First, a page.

I make knives and writing instruments and do a lot of carving on them. I've never made a netsuke. I use a small rotary tool from http://www.woodcarverssupply.com/store/ Run down the left menu to "Power Carving", then click on "Micro Motor Tools". Mine is #793000. I also bought a 1/16" collet and their carbide burrs. I also have a Foredom, but don't use it much anymore. The little one works nicely and holds up well.

 

David

Thank You David, I appreciate it, I like the price on that one to it fits nicely into my budget. I looked at your website and your knifes and pens are amazing.

 

Lonnie

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I use the Electer Emax NSK. 35,000 rpm down to 1,000 rpm, great torque for what I do with dense hardwoods and mammoth tusk. The motor is in the hand piece, with a coiled electric cord, easy to control. The flex-shaft varieties that produce swing and stiff handling with motor separate are not easy to control and make for more hand and arm fatigue after hours of tight work.

 

Janel

 

I'll PM you with contact information.

Thank you I appreciate it Janel I'll give these folk a call, I was wondering do you usually when you carve on mammoth tusk do you usually do the majority of the rough shape of your peices with the micro carver and the do find detail with hand tools. I ran across a short video clip of you demonstrating the use of your tools on a peice of boxwood in the forum and I was wondering if you had a demo on tusk carving.

Lonnie

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Hi Lonnie,

 

I use the power tool for roughing in both wood and mammoth tusk. I don't get close enough in to do detail work, just the bulk of the excess material. I always use hand tools to establish the final shapes and work through to the details with hand tools as well. If the power tool can assist opening a particular spot that a hand tool cannot do, then I will use it for a moment. The farther I get with the detailing, the more fearful I become of wizzing away something that was intended to be left, since the machine works so much faster and knows no limits. Hand tools have their limits, so to speak, though they can do damage as well with a slip or a poke in the wrong direction.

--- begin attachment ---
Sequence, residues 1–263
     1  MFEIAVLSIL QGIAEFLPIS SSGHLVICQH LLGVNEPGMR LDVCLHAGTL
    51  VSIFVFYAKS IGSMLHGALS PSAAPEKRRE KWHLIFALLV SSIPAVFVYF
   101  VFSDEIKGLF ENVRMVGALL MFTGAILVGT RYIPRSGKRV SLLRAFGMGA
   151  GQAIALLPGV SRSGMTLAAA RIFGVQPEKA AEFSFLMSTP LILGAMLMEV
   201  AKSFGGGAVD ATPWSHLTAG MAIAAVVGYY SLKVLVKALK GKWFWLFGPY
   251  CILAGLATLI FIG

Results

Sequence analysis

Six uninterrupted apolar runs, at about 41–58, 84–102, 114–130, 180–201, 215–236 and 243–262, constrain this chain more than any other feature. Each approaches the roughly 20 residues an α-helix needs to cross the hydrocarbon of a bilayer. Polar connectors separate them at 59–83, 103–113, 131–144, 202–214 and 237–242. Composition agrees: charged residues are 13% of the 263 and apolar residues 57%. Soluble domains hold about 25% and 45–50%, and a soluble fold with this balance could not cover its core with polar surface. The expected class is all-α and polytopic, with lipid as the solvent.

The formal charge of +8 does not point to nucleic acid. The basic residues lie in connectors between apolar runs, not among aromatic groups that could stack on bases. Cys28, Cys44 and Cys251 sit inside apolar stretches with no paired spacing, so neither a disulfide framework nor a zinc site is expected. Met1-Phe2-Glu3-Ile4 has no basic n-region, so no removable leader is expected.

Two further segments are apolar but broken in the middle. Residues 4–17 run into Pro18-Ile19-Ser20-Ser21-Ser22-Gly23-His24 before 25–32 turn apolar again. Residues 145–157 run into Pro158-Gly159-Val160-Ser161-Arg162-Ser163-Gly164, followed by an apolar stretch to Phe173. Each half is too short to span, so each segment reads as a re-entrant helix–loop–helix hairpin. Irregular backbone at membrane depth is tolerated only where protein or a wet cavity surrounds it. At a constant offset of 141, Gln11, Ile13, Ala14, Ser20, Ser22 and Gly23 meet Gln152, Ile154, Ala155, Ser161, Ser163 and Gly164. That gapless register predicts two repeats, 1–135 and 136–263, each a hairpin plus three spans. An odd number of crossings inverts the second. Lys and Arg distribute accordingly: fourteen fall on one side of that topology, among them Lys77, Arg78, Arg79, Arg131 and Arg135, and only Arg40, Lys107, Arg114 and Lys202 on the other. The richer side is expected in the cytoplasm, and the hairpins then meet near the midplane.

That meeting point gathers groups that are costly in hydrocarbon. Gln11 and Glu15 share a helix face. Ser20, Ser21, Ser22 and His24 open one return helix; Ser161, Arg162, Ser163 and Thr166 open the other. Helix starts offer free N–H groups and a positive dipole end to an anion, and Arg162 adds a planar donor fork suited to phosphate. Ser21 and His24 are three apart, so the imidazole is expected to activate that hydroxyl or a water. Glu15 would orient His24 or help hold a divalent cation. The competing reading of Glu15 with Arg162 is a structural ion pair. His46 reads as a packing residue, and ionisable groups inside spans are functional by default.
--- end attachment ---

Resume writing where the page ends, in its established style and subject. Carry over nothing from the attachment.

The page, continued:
I have done only the one demo video. I am not likely to do a mammoth carving one, since I don't carve it often, though you never know...

 

Janel

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Be careful when buying micro motors .. some of them are sold with a basic on/off type footswitch................i recently had one purchased for me in US but the guy did a deal and swapped the footswith to a variable speed one ............Just something to think about..it is also the quick release type ...no messing about ....a quick twist and the tools locked in place....